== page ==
Diploma in Counselling Course FAQs
Frequently Asked Questions
How long does it usually take to complete the course?
The counselling course can take five months to complete. But you can do it as quickly or slowly as you want. That’s the great advantage of distance learning.
Do I need to finish the course within a certain time?
You can take as long as you want. Unlike other organisations, we don’t set any time limits.
What does the course cost?
You can find the cost of the course by clicking here.
Does the cost for the course include everything I need? Or are there any extra fees?
There are no other costs or fees.
Method of study
Do you send anything to me in the mail?
No, this is an online course.
How do I access the course online?
Once you’ve enrolled we’ll provide you with login details and the name of your tutor. And as soon as you have these details you can log straight into the system and get started on the course.
Will the course give me credits towards a degree or some other study?
No. But it will help you set up and run your own practice. And we encourage all students to continue their studies after completing the course.
Will the qualification get me a job in a hospital or school?
To get a job in a public organisation, you’ll usually need more qualifications than we can offer. Our course is designed to help you work with private clients.
Remember, the easiest way to earn a living is to work for yourself. So in the course we focus on how you can work from home as a counselor.
Are there any restrictions on me practising as a counsellor?
No. There are no restrictions.
Saqa says: “There is currently very limited or no recognition or regulation of counsellors…. There is very little consistency in standards across and within provinces in South Africa, and across different counselling contexts. Unqualified counsellors currently work in a variety of contexts often in environments where mental health professional such as psychologists and social workers are not necessarily accessible to the majority of the population”. Source: http://regqs.saqa.org.za
You may not call yourself a Registered Counsellor, or a Psychologist. These are ‘reserved titles’ controlled by HPCSA.
If you want to be very cautious, you could call yourself a Therapist (or a family therapist, addictions therapist, grief therapist etc).
Who is the AHPCSA?
AHPCSA (The Allied Health Professions Council of South Africa) is a statutory health body. However there is no government control over counsellors in South Africa.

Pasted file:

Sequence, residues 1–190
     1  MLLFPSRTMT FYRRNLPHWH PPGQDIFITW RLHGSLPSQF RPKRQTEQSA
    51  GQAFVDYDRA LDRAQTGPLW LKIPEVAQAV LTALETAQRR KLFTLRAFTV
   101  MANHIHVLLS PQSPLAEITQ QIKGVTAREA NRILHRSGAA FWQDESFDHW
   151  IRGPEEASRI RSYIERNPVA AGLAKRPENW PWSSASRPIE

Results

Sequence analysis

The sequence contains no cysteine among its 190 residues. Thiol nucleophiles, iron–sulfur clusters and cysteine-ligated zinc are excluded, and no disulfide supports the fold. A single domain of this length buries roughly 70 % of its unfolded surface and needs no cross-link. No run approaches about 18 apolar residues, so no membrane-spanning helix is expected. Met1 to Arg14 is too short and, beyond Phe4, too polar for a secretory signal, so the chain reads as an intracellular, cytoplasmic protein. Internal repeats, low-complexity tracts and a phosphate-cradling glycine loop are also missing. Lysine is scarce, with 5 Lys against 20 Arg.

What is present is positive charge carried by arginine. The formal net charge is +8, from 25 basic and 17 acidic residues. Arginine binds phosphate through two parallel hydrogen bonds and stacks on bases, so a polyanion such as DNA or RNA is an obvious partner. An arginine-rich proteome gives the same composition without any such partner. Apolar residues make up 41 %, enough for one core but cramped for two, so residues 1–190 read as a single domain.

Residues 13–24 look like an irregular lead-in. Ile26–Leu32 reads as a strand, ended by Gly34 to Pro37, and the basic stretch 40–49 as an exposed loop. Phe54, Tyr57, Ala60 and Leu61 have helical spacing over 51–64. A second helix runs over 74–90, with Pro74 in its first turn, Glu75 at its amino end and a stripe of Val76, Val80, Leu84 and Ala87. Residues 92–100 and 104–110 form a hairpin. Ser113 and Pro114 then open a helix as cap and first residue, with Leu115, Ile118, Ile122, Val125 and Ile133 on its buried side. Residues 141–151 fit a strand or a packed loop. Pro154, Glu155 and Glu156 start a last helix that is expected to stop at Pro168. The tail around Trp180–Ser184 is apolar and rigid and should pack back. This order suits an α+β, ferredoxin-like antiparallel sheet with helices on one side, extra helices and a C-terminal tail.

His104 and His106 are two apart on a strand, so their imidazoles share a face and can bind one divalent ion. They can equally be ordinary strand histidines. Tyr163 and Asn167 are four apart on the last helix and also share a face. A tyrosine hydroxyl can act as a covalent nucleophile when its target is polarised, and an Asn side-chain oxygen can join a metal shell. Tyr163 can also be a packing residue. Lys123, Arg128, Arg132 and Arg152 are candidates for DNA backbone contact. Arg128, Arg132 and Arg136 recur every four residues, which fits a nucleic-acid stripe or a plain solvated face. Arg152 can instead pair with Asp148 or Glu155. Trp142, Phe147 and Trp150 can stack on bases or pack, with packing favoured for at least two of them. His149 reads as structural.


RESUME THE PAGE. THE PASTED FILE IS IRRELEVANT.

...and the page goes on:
The AHPCSA legislation governs all medical and mental professionals. The legislation is primarily intended to regulate doctors and dentists, but to be absolutely safe, it would be wise to give your clients a document pointing out that you are not going to treat any medical or mental conditions.
When can I do the course?
Can I start the course at any time?
Where can I study the course?
Is the course all from home, or do I have to go to a test centre?
It’s all from home.
What can I call myself in South Africa?
You may not call yourself a ‘Registered Counsellor’ in South Africa. Currently you may call yourself a ‘Counsellor’, though this may change in future years if the word becomes a controlled title. You may call yourself a Therapist or a Therapy Counsellor, and you can legally practise using those titles.
Do I need to be accredited or certified to become a counsellor or clinical psychologist in India?
No. There is no official certification procedure in India for counsellors or clinical psychologists. You do not need any government recognised qualification.
This is confirmed by the American Psychological Association here
It is not compulsory to obtain any special license or take qualifying examination.
But it is important to be able to demonstrate to potential clients that you have undergone formal training and gained a qualification. The certification provided by the Blackford Centre, which has been training people worldwide for over 20 years, will instil confidence in you and your clients.
Some like to get a licence from the Rehabilitation Council of India (RCI). The RCI Act prescribes that any one delivering services to people with disability, who does not possess qualifications recognised by RCI, could be prosecuted. This relates mainly to deafness and visual impairment. We recommend that our graduates do not provide counselling to people with such disabilities unless they have got an RCI license. But most people who seek counselling are not disabled.